Donald Deskey SLECO Bigloops Set New Lighting Standards
|Certainly one of the most unusual looking of New York City's historically unique, proprietary
lighting standards are the Donald Deskey designed, SLECO built aluminum monstrosities that nearly took over the city starting in the early 1960s, that I not so lovingly nicknamed The Bigloops. Early StreetlightSite contributor Larry Rojak filled a major info
gap, providing the following background:
"That "big loop" lamppost (the gooseneck style) is called a "SLECO" (pronounced SLEE-koe). It was manufactured by a company named, appropriately enough, Sleco (an acrynym for Street Light Equipment Company). I have Sleco literature from the early 1960s which promotes these poles as being safe because, when knocked down, their flat cross-section allows a car to continue travelling over the pole without ripping out the underside of the car. The only problem with the Sleco pole is that those goose-neck arms are held on by a bolt that tends to loosen up over the years; you can see that most survivors have stainless steel banding applied to keep the arms from falling off."
They were the brainchild of industrial designer Donald
Deskey, on commission by NYC in 1958 to develop a new prototype
streetlight standard. The late 1950's had seen a parade of experimental
streetlighting standards as New York City struggled to come up with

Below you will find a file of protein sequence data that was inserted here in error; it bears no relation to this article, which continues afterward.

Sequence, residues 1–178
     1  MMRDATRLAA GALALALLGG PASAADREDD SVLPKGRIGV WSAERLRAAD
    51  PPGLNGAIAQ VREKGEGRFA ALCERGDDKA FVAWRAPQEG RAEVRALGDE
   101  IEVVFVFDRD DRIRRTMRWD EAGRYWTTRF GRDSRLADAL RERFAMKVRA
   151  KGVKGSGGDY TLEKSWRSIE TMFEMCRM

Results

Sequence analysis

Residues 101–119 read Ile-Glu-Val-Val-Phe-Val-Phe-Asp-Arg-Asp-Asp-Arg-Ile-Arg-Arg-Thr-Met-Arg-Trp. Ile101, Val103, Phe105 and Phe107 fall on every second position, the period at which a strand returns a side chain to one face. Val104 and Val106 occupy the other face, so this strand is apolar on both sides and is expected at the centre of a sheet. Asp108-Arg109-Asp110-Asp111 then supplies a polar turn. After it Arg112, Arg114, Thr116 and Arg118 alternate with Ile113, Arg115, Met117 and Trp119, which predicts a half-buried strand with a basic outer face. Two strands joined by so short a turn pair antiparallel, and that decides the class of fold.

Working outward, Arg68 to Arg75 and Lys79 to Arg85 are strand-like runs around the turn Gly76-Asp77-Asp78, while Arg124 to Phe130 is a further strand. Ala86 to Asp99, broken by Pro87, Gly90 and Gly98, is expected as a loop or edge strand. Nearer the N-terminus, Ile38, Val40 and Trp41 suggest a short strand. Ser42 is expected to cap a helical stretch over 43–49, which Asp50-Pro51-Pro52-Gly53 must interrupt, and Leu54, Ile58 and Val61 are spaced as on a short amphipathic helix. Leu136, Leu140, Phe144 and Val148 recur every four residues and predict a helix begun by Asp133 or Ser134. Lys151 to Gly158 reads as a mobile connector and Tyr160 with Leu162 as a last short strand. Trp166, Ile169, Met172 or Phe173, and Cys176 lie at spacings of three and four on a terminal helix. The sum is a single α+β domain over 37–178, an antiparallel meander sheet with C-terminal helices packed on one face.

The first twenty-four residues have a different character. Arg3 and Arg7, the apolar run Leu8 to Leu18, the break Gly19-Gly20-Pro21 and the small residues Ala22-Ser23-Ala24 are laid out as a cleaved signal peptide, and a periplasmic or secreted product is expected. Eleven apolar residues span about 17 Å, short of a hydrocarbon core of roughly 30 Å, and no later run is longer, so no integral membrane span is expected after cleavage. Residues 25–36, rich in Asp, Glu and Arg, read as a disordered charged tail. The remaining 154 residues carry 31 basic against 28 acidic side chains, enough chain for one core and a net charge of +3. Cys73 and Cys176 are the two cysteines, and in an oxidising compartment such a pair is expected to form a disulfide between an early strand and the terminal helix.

something to replace the lovely old cast
iron poles that the heartless city deemed unworthy to share
the mercury vapor street illumination era.
In the 1960's, the Deskey Bigloops began their nefarious invasion. As the "crookarm" elliptical masted light poles were given mercury fixtures, many of them got new uplift mast arms that arched up in a quarter circular loop. I suppose either the city thought the higher lamps would throw more light on the streets, or the looping arm maker threw some bread on the DOT officials and made the taxpayers wallets lighter.
The purpose of the even more sinister Bigloops, I assume, was the fact that they'd never need painting. As much of a pain as it might have been to paint the crookarm's poles, the cast iron fixtures must've needed even more care.
The Bigloops became the light de riguer for most of New York City's major arterial highways and parkways. The understated tapered elliptical "crookarm" masts that graced many of the post war expressways were removed in favor of the more durable Biggies.
No more lane closures
due to pole painting. Generally, this replacement was part of
the changeover to mercuries. However, some highways were very
late in getting the merc vapor fixtures. This led to strange
One of the oddest, were the Bigloops that began appearing on the Belt Parkway, which links southern Brooklyn with Queens. Being an old parkway, part of a network of like roads, meant to be more bucolic than practical, the Belt Parkway had funny old wooden lamposts, designed to make the parkway look like a long driveway in a park.
Like the Whitestone posts, many of New York City's wooden parkway light poles survived by adapting merc fixtures, but the major portion of the Belt Parkway never got them. It remained incandescent lit well into the 1980's. As they did on most other highways, the Deskey Bigloops were called into action whenever an old woodie got knocked down. But unlike anywhere else in the city, these Bigloops had the tiny little old cuplights hung on them.
The last of these finally disappeared in 1993, on the westbound Belt's Cross Bay Boulevard. exit, but not before I immortalized it on film. I always thought that looked very funny. Bigloops with cuplights. You had to be there.
Originally written in 1996.